Rivansantarel

Let me tell you how it happened. In the end, you’ll understand how it all makes sense, one step after another.

Our world is called New Home. Pretty basic, right? No one prettied it up with translating it into some other language, there’s no historical spin put on it to make it sound special or different. When our people found it, they were so relieved to have found safety that they didn’t have the energy to come up with a fancy name. Maybe they meant to, someday, after they’d gotten settled, but before that could happen, they discovered that their safety was maybe not so safe. Centuries passed before anyone could think about things as minor as names again and by that time, it was just New Home. Always had been, always would be.

We don’t know a lot about Old Home, whatever its name really was. We’ve got some stories, of course, but most of them are sort of mangled fairy tales, warning stories that might have made sense eons ago, but are just confusing now. But one of those, the tale of Rivansantarel, was my sister’s favorite story of all time. That’s how we got into trouble.

Rivansantarel was an explorer, you see. Supposedly the explorer who found New Home. During the time of chaos, when our people were searching for a new place to live, Rivansantarel wandered the spaces. On her own. She must have had incredible sight, because she always found her way back to our people as they wandered in deep-space, but she roamed through more of the broken places than anyone else ever had or ever would and when she came back to our people, she told them stories.

Stories after stories, of the monsters she fought and the monsters she ran from, of the wonders she’d seen and the nightmares she’d faced. We don’t have those stories, they didn’t survive. But we have her story, so we know that eventually she told our people to follow her and when they did, she led them, the survivors anyway, to New Home.

Ella loved hearing about Rivansantarel. It was her favorite bedtime story. Our mother or our father would tell it to us almost every night, sometimes making up new bits, but mostly just using the same familiar words. And Ella would sigh with satisfaction, whisper, “Some day,” and roll over and go to sleep.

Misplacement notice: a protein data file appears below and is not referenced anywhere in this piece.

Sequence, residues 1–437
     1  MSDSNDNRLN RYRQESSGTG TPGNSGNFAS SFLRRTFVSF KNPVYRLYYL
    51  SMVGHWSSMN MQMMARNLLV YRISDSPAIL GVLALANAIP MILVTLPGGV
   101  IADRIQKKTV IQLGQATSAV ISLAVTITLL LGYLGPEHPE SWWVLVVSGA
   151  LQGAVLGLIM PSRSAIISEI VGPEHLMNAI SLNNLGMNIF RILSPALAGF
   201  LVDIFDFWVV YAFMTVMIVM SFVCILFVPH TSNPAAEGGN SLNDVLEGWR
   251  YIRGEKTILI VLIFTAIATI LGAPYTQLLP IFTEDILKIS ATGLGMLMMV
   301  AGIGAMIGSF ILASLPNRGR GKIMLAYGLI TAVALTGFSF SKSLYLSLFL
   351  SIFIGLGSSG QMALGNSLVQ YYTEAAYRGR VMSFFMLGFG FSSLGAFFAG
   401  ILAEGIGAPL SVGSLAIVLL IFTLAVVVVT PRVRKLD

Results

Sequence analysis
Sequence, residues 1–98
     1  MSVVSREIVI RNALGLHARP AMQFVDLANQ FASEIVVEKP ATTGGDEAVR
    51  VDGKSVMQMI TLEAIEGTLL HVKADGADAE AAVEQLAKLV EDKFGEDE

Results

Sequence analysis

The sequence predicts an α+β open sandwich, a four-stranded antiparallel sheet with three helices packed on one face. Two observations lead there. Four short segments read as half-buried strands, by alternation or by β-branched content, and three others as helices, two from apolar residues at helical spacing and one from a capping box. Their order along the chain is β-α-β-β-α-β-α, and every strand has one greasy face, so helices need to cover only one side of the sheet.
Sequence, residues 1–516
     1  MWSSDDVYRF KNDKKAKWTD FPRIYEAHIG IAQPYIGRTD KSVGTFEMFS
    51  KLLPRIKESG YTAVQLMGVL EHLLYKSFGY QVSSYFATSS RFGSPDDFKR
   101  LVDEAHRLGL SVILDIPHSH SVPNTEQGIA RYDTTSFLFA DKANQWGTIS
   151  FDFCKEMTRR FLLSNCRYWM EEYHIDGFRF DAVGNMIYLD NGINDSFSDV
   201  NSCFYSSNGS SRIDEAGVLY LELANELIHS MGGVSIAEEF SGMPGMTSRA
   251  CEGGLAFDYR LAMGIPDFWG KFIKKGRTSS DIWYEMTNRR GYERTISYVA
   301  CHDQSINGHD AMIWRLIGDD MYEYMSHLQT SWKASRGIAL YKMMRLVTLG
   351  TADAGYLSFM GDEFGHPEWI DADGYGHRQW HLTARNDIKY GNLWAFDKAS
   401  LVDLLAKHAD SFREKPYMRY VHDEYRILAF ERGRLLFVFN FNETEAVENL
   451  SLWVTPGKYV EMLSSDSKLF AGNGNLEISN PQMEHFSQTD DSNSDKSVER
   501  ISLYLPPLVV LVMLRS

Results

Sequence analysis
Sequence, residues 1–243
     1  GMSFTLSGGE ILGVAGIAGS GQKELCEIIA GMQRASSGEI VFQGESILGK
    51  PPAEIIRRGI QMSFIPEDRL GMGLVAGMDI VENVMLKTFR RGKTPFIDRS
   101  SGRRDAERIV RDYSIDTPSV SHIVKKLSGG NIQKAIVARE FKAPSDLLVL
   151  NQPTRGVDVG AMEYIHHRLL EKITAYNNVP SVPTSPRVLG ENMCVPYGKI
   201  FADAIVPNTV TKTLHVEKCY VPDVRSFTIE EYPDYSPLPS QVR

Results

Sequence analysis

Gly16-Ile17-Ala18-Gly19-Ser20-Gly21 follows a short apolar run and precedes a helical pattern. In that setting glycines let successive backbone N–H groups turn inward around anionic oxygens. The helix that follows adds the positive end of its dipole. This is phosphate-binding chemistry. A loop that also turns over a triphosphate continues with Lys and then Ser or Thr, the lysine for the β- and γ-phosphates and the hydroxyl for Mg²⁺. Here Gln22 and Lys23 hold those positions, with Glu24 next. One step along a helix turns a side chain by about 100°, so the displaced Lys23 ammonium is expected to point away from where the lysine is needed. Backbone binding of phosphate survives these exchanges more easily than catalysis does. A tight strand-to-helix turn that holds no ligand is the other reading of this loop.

Someday started when she turned twelve and was sent away to school. Most kids like school. If they don’t, they just don’t go. No one’s bothered much. There’s room for all types on New Home and school’s not for everyone. But there are exceptions.

I knew I’d be one early, maybe on my sixth birthday. Or maybe not that exact day but somewhere around then. I’d floated up to the top of an apple tree. My mother was calling me from the ground, but she doesn’t levitate so she couldn’t chase me. I wanted to smell the apple blossoms, up close, and I had that feeling that the ones out of reach were the best ones. Does everyone get that feeling, I wonder?

But that feeling was what pushed me to float higher and higher. I wanted to see, not just the closest blossom, but the farthest away blossom. Unfortunately—for it, not me—I startled a stinging insect, a ki-ri. Ki-ri are nasty creatures. Big, about the size of a small bird, colorful, and mean. They don’t need to sting—our blood isn’t some essential nutrient for them, they don’t need it to lay their eggs or anything like that—but if they feel their space is being infringed upon, they defend themselves with vigor. Fortunately, they travel alone, not in flocks, but one ki-ri sting is enough to give anyone a miserable day.

But in my case, the ki-ri flew toward me, hissing, and I was the one who defended myself. Zap. A powerful jolt of lightning burst out of me. My family had known that I was a levitation talent since I was a baby — I guess it’s hard to miss when the crying baby floats out of her crib — but none of us realized I was a lightning talent until that moment.

After that, of course I knew I’d be going away to school. All of the elemental talents are pretty rare but because they’re so potentially dangerous, anyone who has an elemental talent is sent to school to have their talent trained. I was excited.

And Ella was, too. Excited to have me gone, anyway. I used to tease her about me going away to school and she’d tease me right back—about getting my bedroom, about getting all the dessert, about choosing the songs for charuf.

When I did go away to school, I didn’t like it nearly as much as I’d thought I would. And maybe I told Ella more than I should have. I was the older sister, I should have been braver. But I was lonely and I missed her and I missed home and it wasn’t a joke anymore that she got to have all the dessert. Not that I wanted dessert, but I wanted to go home.

Still, it wasn’t so bad. There were good things. The work could be interesting. But I didn’t tell Ella the good, I only told her the bad. The very strict teachers — and they were, so strict. Of course, they were trying to prevent us from killing ourselves or anyone else with our talents so perhaps they had to be, but I should have given Ella a more balanced view. I suppose I wanted her sympathy really. It was a mistake.

Because Ella was a heliopsis. Her talents blossomed late, compared to most people’s. No floating in her crib for Ella, no zapped ki-ri, but she started having nightmares and the nightmares grew worse. And then, in her sleep, she set her bed on fire.

Yes, she’s a fire talent. And the nightmares, they turned out to be important too. She had the sight.

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